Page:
David Zwirner is pleased to present an exhibition of recent paintings by São Paulo-based artist Lucas Arruda (b. 1983), on view at 24 Grafton Street in London. It marks the artist's first solo show in the city.
Arruda's landscapes and seascapes are characterized by their subtle rendition of light. Painted from memory, they are devoid of specific reference points, achieving instead their variety through the depiction of atmospheric conditions. Verging on abstraction, the compositions are grounded by an ever-present, if sometimes faint, horizon line that offers a perception of distance. Intimately sized, they appear at once familiar and imaginary. Through his often evocative and textured brushstrokes, Arruda foregrounds the materiality and physicality of paint, while also recalling his genres' historical associations with the romantic sublime. Yet such parallels are circumvented by the repetitive, nonspecific settings depicted in the paintings. As Chris Sharp has noted, "[a] certain steadiness, if not steadfastness, seems to link them together, as if they did not originate from an exterior, observed world, but from a single fixed point." Also on view is a projection involving painted slides.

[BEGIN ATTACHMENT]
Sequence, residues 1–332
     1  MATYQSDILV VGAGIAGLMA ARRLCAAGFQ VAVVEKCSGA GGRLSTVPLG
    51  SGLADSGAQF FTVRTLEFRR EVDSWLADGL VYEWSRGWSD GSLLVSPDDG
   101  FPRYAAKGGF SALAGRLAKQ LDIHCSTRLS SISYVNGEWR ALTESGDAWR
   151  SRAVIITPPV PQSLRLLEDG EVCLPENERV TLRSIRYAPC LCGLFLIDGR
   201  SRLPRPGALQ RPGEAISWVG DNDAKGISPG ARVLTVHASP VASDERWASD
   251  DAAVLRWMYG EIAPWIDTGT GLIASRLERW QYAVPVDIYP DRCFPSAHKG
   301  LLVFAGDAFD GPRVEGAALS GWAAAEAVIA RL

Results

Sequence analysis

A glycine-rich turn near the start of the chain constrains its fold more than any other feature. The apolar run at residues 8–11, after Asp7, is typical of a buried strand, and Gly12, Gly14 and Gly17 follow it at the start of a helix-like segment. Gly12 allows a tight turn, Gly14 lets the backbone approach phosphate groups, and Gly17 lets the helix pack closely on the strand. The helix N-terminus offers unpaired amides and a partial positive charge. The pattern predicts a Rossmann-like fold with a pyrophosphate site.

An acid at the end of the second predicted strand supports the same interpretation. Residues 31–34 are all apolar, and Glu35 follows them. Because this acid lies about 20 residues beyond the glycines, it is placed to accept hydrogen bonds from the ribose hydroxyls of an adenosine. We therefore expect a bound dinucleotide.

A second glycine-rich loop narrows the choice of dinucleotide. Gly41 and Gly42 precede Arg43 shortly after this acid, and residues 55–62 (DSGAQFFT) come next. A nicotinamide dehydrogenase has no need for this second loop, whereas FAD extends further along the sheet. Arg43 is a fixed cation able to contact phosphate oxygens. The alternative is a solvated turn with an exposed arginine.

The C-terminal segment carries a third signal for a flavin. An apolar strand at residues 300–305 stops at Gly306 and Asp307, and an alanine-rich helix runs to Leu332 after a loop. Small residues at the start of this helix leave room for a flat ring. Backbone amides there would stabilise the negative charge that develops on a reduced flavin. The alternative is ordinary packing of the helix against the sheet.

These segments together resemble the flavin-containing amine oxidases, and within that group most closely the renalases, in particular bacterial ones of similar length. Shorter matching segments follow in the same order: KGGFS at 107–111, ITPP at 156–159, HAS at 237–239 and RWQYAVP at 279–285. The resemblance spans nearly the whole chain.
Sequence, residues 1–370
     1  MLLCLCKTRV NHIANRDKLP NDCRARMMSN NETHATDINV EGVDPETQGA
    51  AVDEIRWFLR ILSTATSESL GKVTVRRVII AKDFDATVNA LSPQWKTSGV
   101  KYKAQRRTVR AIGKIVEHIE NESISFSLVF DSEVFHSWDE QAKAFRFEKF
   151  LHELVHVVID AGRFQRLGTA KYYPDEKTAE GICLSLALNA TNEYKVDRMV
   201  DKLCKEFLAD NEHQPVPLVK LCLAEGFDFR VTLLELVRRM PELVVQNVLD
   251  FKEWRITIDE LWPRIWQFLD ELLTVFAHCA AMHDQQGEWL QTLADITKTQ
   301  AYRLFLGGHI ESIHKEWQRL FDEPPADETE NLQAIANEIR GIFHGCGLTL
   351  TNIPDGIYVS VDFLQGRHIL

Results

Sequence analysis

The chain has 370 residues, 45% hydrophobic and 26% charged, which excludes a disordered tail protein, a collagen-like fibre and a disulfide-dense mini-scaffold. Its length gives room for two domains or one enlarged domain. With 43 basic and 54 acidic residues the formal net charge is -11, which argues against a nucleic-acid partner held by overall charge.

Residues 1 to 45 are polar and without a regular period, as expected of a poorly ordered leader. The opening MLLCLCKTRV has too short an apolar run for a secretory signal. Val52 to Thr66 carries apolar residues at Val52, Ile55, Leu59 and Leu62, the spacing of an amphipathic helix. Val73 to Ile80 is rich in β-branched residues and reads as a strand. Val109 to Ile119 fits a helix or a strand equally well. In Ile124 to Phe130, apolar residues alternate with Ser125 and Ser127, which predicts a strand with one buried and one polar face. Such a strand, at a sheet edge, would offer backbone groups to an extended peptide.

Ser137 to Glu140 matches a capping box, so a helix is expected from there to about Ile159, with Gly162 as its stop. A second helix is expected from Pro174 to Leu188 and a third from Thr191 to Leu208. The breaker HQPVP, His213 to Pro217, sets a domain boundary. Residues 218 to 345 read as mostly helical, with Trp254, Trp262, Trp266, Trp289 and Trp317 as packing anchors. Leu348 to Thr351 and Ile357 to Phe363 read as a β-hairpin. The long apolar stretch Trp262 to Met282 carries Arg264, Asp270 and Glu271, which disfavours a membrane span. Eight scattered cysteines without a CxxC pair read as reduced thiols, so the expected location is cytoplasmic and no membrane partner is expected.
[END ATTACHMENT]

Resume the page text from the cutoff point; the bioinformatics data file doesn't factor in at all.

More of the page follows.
For more information about available works contact firstname.lastname@example.org
"A certain steadiness, if not steadfastness, seems to link them together, as if they did not originate from an exterior, observed world, but from a single fixed point, located, oddly enough, in an interior. Which is precisely where these paintings originate: the painter's imagination."—Chris Sharp, "Lucas Arruda's Reminiscent Paintings," from the forthcoming monograph Lucas Arruda: Deserto-Modelo by Mousse Publishing
"At the same time as he asserts the matter-of-fact physicality of the medium, he creates luminous space. Many pictures suggest views of beaches at low tide on foggy mornings; others evoke twilight. You see through the eyes of the lonesome Romantic wanderer who haunts the paintings of artists like Caspar David Friedrich and Edward Hopper."—Ken Johnson in a review of Arruda's work for The New York Times
"My studio practice is central to the creative process. I work surrounded by my references to art, my experiences with the world, and the way I relate to life. I don't have a plan, fixed project, or perceived idea before the start of a new work, each painting shows me how to continue." —The artist describes his creative process in Artnet
"[Lucas Arruda's works] suggest a subtle yet drastic concern for painting at its most elemental. Arruda's obsessive battle with perceptual elements such as light and space entails an enigmatic exploration of time—namely, time as a hidden value discernible in the final appearance of each piece."—Hyperallergic